Girls speak out on inequality
- 11 October 2017
UNITED NATIONS, New York – Despite years of efforts and advances, full gender equality has yet to be realized. There is not one country in the world free of gender-based violence or discrimination. And in too many places, the burdens of inequality fall hardest on the youngest.
Around the world, as girls approach puberty, they find themselves increasingly vulnerable. Society starts to view them differently: as household help, as potential wives and mothers, as interlopers in school and the workplace.
Today is the International Day of the Girl Child, a day for recognizing the challenges facing girls around the world.
To mark the occasion, UNFPA is shining a spotlight on five girls who have spoken out about the issues affecting them and their peers.
What does gender inequality look like? These five girls can tell you.
Rates of child marriage have been rising among Syrian refugee families. Under the stresses of war, displacement and economic hardship, parents are increasingly seeing marriage as a way to ensure their daughters are cared for. Some even believe marriage will protect their daughters from sexual violence.
In fact, child marriage is a human rights violation, one that leaves girls more vulnerable to violence, abuse and exploitation.
Raneem learned about the harmful consequences of child marriage in a UNFPA-supported youth programme, and she quickly became an outspoken advocate against the practice.
“I managed to convince two of my friends who were going to get married young to wait,” she said.
Raneem has become a leader and voice of wisdom among her peers. “I reach out to them to explain to them what I myself have learned,” she said.
Although Moldovan girls attend school at roughly the same rate as boys, their future opportunities are limited by social expectations. A 2015 study showed that most people in the country believe domestic chores are a woman’s primary responsibility. Many felt that when women have jobs, they are taking opportunities away from men.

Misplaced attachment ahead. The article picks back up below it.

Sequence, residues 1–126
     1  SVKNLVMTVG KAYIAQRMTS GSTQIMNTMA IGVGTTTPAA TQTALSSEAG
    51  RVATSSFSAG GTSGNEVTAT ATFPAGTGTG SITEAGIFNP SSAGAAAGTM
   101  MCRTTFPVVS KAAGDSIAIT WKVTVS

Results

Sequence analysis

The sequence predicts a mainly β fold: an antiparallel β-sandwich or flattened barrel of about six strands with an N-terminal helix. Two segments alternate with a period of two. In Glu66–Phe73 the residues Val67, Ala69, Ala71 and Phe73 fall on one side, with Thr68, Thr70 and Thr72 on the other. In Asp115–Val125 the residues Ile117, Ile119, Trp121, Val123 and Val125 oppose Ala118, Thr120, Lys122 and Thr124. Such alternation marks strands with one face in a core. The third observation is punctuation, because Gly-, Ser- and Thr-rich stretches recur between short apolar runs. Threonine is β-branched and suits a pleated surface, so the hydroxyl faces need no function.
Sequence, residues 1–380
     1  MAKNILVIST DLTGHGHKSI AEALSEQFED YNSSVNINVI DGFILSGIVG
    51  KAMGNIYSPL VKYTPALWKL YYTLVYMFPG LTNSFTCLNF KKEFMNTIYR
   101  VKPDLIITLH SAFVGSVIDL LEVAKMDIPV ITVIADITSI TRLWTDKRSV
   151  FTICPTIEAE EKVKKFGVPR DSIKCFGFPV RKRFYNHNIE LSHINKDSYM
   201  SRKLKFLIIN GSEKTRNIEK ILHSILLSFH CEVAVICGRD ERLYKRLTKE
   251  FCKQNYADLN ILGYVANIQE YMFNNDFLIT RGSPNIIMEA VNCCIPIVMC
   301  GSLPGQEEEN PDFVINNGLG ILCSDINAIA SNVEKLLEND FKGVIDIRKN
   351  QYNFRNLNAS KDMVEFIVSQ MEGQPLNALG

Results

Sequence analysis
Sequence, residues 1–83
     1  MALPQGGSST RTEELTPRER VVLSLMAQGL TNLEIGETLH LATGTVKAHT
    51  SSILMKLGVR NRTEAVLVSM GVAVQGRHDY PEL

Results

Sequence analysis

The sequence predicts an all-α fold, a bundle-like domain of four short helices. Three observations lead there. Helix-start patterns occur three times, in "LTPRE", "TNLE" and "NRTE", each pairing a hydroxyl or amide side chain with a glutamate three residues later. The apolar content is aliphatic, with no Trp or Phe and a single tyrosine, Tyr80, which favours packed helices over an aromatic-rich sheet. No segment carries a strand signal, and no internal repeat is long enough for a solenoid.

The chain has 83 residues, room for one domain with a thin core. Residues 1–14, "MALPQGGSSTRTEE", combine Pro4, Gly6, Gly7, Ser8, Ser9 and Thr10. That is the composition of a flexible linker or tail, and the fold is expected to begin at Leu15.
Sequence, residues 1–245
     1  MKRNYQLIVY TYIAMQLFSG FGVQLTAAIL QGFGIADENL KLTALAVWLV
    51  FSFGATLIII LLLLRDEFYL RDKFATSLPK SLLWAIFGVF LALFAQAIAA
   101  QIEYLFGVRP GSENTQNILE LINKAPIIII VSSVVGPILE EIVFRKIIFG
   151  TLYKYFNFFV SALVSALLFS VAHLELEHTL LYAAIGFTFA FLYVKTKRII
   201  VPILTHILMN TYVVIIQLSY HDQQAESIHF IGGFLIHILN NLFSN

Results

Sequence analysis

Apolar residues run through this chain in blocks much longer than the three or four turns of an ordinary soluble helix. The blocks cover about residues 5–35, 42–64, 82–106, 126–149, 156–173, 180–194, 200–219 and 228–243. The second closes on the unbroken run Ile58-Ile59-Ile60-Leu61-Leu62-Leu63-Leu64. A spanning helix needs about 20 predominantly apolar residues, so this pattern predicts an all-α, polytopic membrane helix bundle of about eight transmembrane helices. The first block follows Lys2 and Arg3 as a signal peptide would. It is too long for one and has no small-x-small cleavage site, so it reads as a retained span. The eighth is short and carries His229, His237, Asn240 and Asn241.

These attitudes also reveal themselves in darker ways: 41 per cent of men surveyed say there are times when a woman needs to be beaten. Nineteen per cent of women agree.
At a UNFPA-supported youth programme, Amina and others discussed the importance of investing in girls’ educations and opportunities.
She knows that, like other girls, she will have to work hard to achieve her goals. “I need to be ambitious,” Amina said.
Poverty is also gender unequal. Although it casts a dark shadow on boys and girls alike, it affects them differently.
For girls, it can mean the inability to afford essential hygiene supplies, like sanitary pads.
This is true in Malawi, where only about a third of girls enrol in secondary school. One of the reasons contributing to this low enrolment rate is the lack of affordable hygiene products that would enable them to attend class during their periods.
To address this problem, Fatima and her friend Deborah began a school club that makes reusable sanitary napkins, which they distribute to their fellow female students.
Today, Fatima said, “most girls come to school even during menstruation period, and never miss lessons.”
Gender inequality can also mean early motherhood.
Globally, millions of girls become pregnant while they are still children. Most of these girls are impoverished and have few opportunities. For them, pregnancy is not a choice. Rather, it is a reflection of their lack of choices.
Shaina has witnessed this in her community: “Some stop pursuing their education and their job opportunities diminish. She becomes more vulnerable to poverty and her health often suffers.”
Adolescent pregnancy can also be deadly for girls whose bodies are not yet ready for motherhood. Pregnancy-related complications are the leading cause of death among adolescent girls, according to the World Health Organization.
Shaina attended a UNFPA-supported forum where young people were able to speak out about the issue. One important step, she said, is to give girls a sense of hope and agency.
“It means a great deal to me and many other girls that our voices are heard and we’re empowered,” she said.
Hillary knows all too well the hardships of adolescent pregnancy. She became pregnant at age 16.
In Costa Rica, approximately 14,000 adolescent girls become pregnant each year, according to government statistics. Many of these girls are pushed out of school, leading to worse outcomes for themselves and their families.
But Hillary managed to overcome these challenges.
She finished school and went on to become a youth counsellor and advocate. In this role, she teaches other girls about their rights. She encourages them to have confidence and ambition.
“I tell the girls they’re not alone, no matter what their situation is,” she said.
*Ages are from the dates of reporting